The aftermath shows us what happens when the balance sheets of households and banks are impaired. The “negative equity” for homeowners and financial institutions creates incentives for perverse behavior, including asset substitution3 and underinvestment (debt overhang). The literature on corporate finance tells the story of desperate equity holders engaging in highly risky transactions with negative present value (NPV) as a way to gamble in an attempt to get out of the hole (asset substitution). At the same time, low risk positive NPV projects are forgone because equity holders do not benefit from modest increases in asset/enterprise value; instead equity holders may prefer to erode asset value through self-enriching schemes.4 These sub-optimal patterns of behavior are precisely why “zombie” banks and households are undesirable and growth inhibiting in an economy.
As the undead wander the social and economic landscape, investors are loathe to put in fresh capital, not only because lending to perversely motivated zombies is generally a bad idea, but also because their investments can be diluted if government policies designed to protect moribund banks channel new money to past capital claimants whose investments failed. The uncertainty about future government policy further discourages the capital market from injecting fuel and much needed new stewardship to rekindle and shepherd growth.
Note that when the recession is driven by a balance sheet crisis, instead of a liquidity crisis, providing more liquidity will not drive real investments and growth. Healthy financial intermediaries are simply not interested in extending credit to zombie entities. Having the government direct liquidity toward these zombie entities by fiat would only be throwing good money after bad. Stimulus spending, on the other hand, has a limited effect in resolving the primary problems: it quickly restores the equity value of zombie banks and households. Of course, it can accidentally stimulate economic activity in areas where no inducements are needed.
Restoring Economic Activity Means Making Hard Choices
There exist various solutions for eliminating zombie households and banks and restoring economic activity. But all the options are painful. The Japanese model is one where zombies and their creditors and investors are protected (and often receiving welfare in the form of social and corporate subsidies) until their balance sheets are restored. Under this approach, it can take decades to nurse zombies back to life, and anemic economic growth is experienced throughout the period of convalescence. In this model, the significant transfer cost is dwarfed by the cost of the growth drag imposed on all citizens due to the zombie entities.
The Swedish model, in which balance sheets are rebooted through bankruptcy and orderly default, can take effect more immediately, writing down debts for households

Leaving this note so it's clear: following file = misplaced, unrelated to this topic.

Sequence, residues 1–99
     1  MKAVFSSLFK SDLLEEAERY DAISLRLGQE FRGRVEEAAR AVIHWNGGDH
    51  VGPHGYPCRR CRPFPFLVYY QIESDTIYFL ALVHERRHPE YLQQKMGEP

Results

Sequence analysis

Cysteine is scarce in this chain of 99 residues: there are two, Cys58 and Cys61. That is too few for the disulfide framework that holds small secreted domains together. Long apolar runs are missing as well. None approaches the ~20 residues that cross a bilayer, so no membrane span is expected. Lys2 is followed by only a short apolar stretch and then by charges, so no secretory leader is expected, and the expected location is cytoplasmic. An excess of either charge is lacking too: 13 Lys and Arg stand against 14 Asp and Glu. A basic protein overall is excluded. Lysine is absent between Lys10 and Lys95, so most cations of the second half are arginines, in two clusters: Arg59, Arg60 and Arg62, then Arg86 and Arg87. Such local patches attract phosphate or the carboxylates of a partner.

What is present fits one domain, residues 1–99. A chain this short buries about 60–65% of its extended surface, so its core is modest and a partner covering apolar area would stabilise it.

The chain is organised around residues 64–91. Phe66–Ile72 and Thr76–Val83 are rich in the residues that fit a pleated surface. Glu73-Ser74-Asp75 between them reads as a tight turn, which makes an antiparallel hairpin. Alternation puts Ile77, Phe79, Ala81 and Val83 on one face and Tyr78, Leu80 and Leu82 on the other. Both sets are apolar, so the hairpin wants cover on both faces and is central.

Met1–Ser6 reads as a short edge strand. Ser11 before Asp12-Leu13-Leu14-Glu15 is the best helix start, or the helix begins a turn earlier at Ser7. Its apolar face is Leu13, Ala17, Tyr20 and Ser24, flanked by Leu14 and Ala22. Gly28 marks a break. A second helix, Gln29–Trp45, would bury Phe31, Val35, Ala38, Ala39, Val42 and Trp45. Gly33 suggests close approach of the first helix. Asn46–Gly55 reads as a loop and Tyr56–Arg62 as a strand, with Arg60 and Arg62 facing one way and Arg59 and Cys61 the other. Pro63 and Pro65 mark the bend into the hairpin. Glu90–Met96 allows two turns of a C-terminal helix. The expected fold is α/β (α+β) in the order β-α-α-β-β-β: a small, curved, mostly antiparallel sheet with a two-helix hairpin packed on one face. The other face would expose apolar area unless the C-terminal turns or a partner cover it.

and salvageable financial institutions while eliminating poorly functioning banks by wiping out their investors and creditors. In the U.S. tax code, these actions are known as Chapter 11 and Chapter 7 bankruptcies, respectively. The Swedish model is the textbook prescription for eliminating zombies, and it illustrates the benefits and usefulness of orderly bankruptcy. The cost is an immediate recognition of substantial losses concentrated entirely on equity and bond investors. While personal bankruptcy generally leads to a fresh start and greater future growth in the standard of living, it can be psychologically traumatizing, and this solution is shunned by some households.
The Finnish model involves rapid (but often temporary) currency devaluation. This approach has proven to be effective for other countries like Mexico, Argentina, Thailand, and other Southeastern Asian countries. The massive devaluation can be interpreted as a marking down of all domestic assets and debt in global currencies—a decline of 30% in currency value, in one fell swoop, reducing the debt burden by 30% in international terms and at the same time increasing the international rent on exportable factors of production. This method reduces domestic consumption in favor of exporting, pushes internationally uncompetitive wages down, subsidizes the export oriented industries, and marks down savings and the inflated nominal wealth that has been stored in real estate. This sequence of “price” re-alignment through the currency channel eliminates the “economic drag” associated with downward rigidity in wages and real estate prices (both of which result from the domestic real estate bubble underlying the balance sheet crisis). At the same time, the Finnish model significantly resets the debt burden of the zombies. The depressed currency and therefore the subsidy from holders of domestic cash and assets to debtors and exporters (firms and workers) will continue until the impaired balance sheets are repaired.
Each of the possible solutions is harrowing: the housing price decline destroyed wealth, and there is simply no magical government program for restoring wealth painlessly. Moving money from asset rich households and firms to subsidize the indebted does not increase overall wealth and can often exacerbate the problem, especially if it means prolonging the zombie apocalypse. While the government does not get to create wealth out of thin air through transfers (much as it might like to claim such a magical ability), it does get to choose when and to whom the pain will be allocated.